The 10 Most Awesomely Terrible Art Moments from WWE Superstars #6

July 21st, 2014 Posted by Gavok

The nice thing about being a blogger is that it’s like a tax write-off on buying terrible shit. It’s great when you read a great comic, see an awesome movie, or something like that, but if you pay for something lame, you can always twist it into an article. It’s really one of the best perks.

I can’t not read WWE comics and I’ve filled up big chunks of this site proving that. The latest attempt at a WWE series is WWE Superstars by Papercutz. It’s been written by wrestling legend Mick Foley and Shane Riches. I imagine Shane Riches wrote most of it. Anyway, the first four issues were just released in a trade under the name Money in the Bank. I reviewed it here. The arc was about reimagining WWE wrestlers as characters in an overly-casted crime noir story. A cool idea that wore out its welcome.

The art was mostly done by Alitha Martinez, who did an all right job. Most of the time, wrestlers looked like who they were supposed to and some pieces looked really nice. Other times, the pencils were rushed, as was the need to get through the story, meaning fight scenes all had an unnatural flow to them. Then in the fourth issue, Martinez was replaced for four pages by an artist named Puste and oh boy was it noticeable. Lifeless, awkward, incoherent and ripe with inconsistency, it was a complete trip.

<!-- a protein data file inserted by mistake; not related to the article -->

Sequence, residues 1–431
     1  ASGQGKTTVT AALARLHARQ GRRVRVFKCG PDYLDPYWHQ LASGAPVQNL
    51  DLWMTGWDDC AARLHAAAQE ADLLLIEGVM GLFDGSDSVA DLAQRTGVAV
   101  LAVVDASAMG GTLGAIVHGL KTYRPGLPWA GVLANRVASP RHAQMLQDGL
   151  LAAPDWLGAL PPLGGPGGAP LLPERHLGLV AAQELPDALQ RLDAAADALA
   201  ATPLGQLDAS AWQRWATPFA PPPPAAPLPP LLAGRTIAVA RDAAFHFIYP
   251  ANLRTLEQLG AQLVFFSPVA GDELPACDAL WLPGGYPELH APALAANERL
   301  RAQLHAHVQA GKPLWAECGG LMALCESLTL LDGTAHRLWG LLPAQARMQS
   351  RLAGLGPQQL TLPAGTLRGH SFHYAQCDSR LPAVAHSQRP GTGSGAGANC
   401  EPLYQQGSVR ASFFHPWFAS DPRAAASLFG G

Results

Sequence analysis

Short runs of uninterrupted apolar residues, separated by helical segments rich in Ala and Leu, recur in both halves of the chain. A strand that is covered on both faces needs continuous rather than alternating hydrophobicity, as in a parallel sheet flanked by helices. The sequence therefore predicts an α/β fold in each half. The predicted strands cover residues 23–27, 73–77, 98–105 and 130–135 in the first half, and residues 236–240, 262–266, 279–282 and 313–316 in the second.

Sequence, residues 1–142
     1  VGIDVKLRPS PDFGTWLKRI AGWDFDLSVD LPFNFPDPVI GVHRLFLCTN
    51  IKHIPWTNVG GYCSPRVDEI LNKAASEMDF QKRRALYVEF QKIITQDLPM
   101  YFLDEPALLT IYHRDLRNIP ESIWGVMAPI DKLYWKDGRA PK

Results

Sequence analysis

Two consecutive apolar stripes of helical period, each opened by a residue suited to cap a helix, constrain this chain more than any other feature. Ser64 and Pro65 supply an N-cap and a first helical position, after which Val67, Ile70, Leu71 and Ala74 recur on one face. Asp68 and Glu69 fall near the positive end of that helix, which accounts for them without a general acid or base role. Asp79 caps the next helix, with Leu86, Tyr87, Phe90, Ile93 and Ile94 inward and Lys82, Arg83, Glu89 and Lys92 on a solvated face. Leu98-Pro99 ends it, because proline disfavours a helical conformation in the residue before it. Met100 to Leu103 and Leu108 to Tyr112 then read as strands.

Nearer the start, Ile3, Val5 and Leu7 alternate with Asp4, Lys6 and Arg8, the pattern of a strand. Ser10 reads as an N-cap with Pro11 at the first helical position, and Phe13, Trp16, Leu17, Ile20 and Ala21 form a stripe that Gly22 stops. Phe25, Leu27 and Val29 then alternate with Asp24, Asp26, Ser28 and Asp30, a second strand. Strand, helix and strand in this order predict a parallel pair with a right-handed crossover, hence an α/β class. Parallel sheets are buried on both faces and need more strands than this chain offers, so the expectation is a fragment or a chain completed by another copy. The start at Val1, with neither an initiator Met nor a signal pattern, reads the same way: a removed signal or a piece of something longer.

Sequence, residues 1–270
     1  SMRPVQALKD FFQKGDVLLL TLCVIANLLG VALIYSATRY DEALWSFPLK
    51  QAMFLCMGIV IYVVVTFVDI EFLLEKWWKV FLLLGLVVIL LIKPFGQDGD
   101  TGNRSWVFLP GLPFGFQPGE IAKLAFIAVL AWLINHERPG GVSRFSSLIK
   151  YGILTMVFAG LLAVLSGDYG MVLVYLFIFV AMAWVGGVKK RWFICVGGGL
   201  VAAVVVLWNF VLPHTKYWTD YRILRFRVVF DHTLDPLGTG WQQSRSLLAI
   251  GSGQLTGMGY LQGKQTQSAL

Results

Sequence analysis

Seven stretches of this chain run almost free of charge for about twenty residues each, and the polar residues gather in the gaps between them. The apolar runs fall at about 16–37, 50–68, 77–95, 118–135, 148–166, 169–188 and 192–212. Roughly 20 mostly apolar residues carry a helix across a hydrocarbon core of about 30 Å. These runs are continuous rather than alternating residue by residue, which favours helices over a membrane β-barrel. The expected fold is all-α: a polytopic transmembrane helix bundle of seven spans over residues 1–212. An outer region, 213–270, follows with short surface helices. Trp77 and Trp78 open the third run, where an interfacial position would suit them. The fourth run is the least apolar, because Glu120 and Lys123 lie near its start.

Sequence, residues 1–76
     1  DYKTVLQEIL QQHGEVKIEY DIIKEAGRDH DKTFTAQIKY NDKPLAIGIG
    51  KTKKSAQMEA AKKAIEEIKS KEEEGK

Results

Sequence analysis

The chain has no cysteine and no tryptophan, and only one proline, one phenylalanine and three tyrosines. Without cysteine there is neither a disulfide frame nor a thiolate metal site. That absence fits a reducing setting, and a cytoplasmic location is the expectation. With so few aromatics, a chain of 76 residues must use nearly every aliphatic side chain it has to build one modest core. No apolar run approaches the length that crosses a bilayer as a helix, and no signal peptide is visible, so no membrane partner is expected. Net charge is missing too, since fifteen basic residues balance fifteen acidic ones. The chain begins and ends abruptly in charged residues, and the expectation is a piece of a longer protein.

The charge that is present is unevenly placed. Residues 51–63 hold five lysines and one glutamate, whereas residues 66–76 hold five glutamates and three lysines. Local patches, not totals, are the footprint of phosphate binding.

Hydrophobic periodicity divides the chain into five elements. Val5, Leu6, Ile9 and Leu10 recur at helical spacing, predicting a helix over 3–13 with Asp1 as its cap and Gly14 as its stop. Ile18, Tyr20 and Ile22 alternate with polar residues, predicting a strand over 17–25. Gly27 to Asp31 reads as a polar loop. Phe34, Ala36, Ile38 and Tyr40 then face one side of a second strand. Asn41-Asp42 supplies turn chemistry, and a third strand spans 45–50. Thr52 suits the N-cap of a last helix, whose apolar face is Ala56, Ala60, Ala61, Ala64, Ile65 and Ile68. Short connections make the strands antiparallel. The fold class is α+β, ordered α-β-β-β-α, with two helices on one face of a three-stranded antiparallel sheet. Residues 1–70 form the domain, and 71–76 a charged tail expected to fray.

For some reason, Papercutz decided to have Puste be the main artist on the current arc, which has the wrestlers actually being wrestlers. It’s a weird storyline called Haze of Glory that features Daniel Bryan, CM Punk, Rey Mysterio and Hornswoggle with a wicked hangover due to some spiked punch. The backstage area is in ruins, everyone blames them and they don’t know what in the hell happened. All they know is that they’ve been set up.

And yes, CM Punk is still a main character despite having been gone from the company since January.

I really can’t judge the wacky story on its own merits because the art is so distracting. Issue #6 alone has so many moments that make me shake my head that I’m able to make an actual top ten list out of it.

Let’s get started!


Well. Lot of stuff going on here. Brock Lesnar is trying to F5 CM Punk and Goldust saves Punk with a kick to the nuts. Looks awkward, but okay.

Hornswoggle is bald here and that might make sense at first glance. After all, he recently lost a mask vs. hair match and for the past couple months he’s been bald in real life. Except in every single other panel he shows up in, he’s got a full head of hair. Remember, this comic is out of date enough that Jack Swagger calls Cesaro “Antonio” and CM Punk is there.

Puste seems to have a thing against drawing backgrounds most of the time, so for some reason the 4th of July is going off behind them. I don’t know.


A zombie CM Punk goes for Mark Henry’s brains and Henry seems almost happy about it.